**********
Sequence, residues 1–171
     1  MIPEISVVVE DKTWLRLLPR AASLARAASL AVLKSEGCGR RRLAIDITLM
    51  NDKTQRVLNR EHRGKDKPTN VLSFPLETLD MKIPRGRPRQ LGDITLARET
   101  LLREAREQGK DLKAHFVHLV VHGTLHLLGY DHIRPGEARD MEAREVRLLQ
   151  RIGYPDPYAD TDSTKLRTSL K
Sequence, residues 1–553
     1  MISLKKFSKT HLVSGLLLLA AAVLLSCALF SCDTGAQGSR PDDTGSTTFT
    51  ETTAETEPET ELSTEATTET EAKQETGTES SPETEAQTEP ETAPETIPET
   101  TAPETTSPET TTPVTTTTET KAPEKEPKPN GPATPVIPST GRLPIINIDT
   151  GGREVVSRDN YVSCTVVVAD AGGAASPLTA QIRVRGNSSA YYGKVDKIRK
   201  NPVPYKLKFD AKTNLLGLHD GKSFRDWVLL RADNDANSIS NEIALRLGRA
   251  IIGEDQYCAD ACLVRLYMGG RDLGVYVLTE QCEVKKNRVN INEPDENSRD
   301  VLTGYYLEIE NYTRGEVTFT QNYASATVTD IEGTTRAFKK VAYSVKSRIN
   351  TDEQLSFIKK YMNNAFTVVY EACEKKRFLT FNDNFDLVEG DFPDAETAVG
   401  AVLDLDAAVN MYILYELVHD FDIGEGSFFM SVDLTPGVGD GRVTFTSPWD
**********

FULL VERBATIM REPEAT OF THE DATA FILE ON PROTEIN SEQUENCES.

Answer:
Sequence, residues 1–171
     1  MIPEISVVVE DKTWLRLLPR AASLARAASL AVLKSEGCGR RRLAIDITLM
    51  NDKTQRVLNR EHRGKDKPTN VLSFPLETLD MKIPRGRPRQ LGDITLARET
   101  LLREAREQGK DLKAHFVHLV VHGTLHLLGY DHIRPGEARD MEAREVRLLQ
   151  RIGYPDPYAD TDSTKLRTSL K
Sequence, residues 1–553
     1  MISLKKFSKT HLVSGLLLLA AAVLLSCALF SCDTGAQGSR PDDTGSTTFT
    51  ETTAETEPET ELSTEATTET EAKQETGTES SPETEAQTEP ETAPETIPET
   101  TAPETTSPET TTPVTTTTET KAPEKEPKPN GPATPVIPST GRLPIINIDT
   151  GGREVVSRDN YVSCTVVVAD AGGAASPLTA QIRVRGNSSA YYGKVDKIRK
   201  NPVPYKLKFD AKTNLLGLHD GKSFRDWVLL RADNDANSIS NEIALRLGRA
   251  IIGEDQYCAD ACLVRLYMGG RDLGVYVLTE QCEVKKNRVN INEPDENSRD
   301  VLTGYYLEIE NYTRGEVTFT QNYASATVTD IEGTTRAFKK VAYSVKSRIN
   351  TDEQLSFIKK YMNNAFTVVY EACEKKRFLT FNDNFDLVEG DFPDAETAVG
   401  AVLDLDAAVN MYILYELVHD FDIGEGSFFM SVDLTPGVGD GRVTFTSPWD